Though Prunus amygdalus is, as its name hints, a close relative of plums, as well as peaches, you’ll never eat this tree’s fruit. For this drupe (the technical name for fruit with stones, such as plums and cherries), life is the pits. Literally. The fruit of this native of southwestern Asia becomes leathery as it matures, and splits open when ripe, exposing the world’s most popular nut, the almond.
Actually, there are two types of almond—sweet and bitter. The bitter almond is used primarily for flavoring, but it is the sweet almond that we eat. The sweet almond, which is almost as famous for its beautiful white flowers as for its nuts, closely resembles the related peach.
The almond probably started in Asia Minor, but it was on the move so early that it is hard to be precise about where its roots truly lie. It is believed that almonds, along with dates, were among the earliest cultivated foods. Almonds have been found on the island of Crete, at the Neolithic level under the palace of Knossos and in Bronze Age storerooms at Hagia Triada. The almond was written of by the Babylonians, Anatolians (who used it largely for oil), and Hittites, and, along with the pistachio, is one of only two nuts mentioned in the Bible.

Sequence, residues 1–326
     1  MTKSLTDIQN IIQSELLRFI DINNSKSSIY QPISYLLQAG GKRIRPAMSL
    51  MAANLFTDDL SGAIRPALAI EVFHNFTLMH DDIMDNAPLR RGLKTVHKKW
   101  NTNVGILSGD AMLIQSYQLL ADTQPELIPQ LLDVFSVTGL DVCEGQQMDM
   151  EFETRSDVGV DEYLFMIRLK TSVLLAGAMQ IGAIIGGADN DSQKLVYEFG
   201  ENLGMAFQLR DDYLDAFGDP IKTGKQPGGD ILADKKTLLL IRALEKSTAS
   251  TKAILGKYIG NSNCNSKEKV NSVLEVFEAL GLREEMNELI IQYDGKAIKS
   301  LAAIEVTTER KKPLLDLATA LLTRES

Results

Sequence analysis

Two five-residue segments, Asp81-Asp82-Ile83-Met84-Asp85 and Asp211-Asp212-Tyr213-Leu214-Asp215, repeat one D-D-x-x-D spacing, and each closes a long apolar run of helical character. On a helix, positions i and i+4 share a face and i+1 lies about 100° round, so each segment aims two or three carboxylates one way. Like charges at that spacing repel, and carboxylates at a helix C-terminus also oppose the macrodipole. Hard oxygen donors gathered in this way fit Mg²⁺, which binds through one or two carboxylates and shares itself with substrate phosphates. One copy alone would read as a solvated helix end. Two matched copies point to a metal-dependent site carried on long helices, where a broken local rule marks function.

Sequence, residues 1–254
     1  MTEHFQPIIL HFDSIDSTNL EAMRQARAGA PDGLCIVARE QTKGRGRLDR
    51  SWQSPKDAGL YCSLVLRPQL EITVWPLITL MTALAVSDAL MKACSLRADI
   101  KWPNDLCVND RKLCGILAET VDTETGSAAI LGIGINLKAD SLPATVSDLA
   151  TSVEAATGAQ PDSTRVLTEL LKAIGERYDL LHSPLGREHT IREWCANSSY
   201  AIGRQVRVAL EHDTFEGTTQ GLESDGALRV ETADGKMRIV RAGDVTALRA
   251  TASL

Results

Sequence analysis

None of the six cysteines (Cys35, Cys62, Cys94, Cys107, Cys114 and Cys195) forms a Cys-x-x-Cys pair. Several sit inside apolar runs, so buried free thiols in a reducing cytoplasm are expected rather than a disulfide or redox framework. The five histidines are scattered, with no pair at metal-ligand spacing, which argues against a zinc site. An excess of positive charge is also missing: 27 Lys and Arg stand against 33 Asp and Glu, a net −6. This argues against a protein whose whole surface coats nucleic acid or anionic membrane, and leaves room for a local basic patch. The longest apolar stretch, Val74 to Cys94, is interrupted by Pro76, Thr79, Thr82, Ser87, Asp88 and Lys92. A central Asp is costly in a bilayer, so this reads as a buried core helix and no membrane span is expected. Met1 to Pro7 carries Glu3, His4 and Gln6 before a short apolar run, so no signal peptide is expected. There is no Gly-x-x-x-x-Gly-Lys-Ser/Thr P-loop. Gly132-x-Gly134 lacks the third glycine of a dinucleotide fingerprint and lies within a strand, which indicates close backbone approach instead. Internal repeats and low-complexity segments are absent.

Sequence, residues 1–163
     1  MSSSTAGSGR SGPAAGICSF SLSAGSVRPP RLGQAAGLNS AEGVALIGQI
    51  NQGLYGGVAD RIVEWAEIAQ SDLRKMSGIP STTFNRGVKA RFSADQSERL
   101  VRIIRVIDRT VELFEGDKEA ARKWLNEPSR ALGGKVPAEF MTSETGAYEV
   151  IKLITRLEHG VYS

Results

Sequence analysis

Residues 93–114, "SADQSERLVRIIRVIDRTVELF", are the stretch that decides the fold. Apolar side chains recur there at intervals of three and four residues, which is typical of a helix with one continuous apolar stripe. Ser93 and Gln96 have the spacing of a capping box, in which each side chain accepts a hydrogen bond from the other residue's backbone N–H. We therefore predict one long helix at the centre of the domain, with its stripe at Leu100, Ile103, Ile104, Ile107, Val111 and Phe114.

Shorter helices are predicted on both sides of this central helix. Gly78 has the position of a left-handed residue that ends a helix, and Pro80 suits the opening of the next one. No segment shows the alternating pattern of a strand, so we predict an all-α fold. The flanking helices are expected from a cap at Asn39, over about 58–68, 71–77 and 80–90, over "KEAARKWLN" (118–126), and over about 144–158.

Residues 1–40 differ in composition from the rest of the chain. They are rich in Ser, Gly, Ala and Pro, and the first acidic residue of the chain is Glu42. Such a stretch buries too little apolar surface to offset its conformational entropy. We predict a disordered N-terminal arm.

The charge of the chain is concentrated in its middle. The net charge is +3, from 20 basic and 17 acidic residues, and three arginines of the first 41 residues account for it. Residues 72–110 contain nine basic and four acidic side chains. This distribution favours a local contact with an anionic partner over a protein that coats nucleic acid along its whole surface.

The Greeks were the first to grow almonds in Europe. The Greek scholar, Theophrastus, mentions in his history of plants, written about 300 BC, that almond trees were the only trees in Greece that produced blossoms before leaves. The Romans, who referred to almonds as “the Greek nut,” brought almonds to Italy around 200 BC The Romans used almonds primarily in the form of sweets, but also used ground almonds to thicken and flavor sauces. Actually, ground almonds have never lost their popularity as a thickener. Continue reading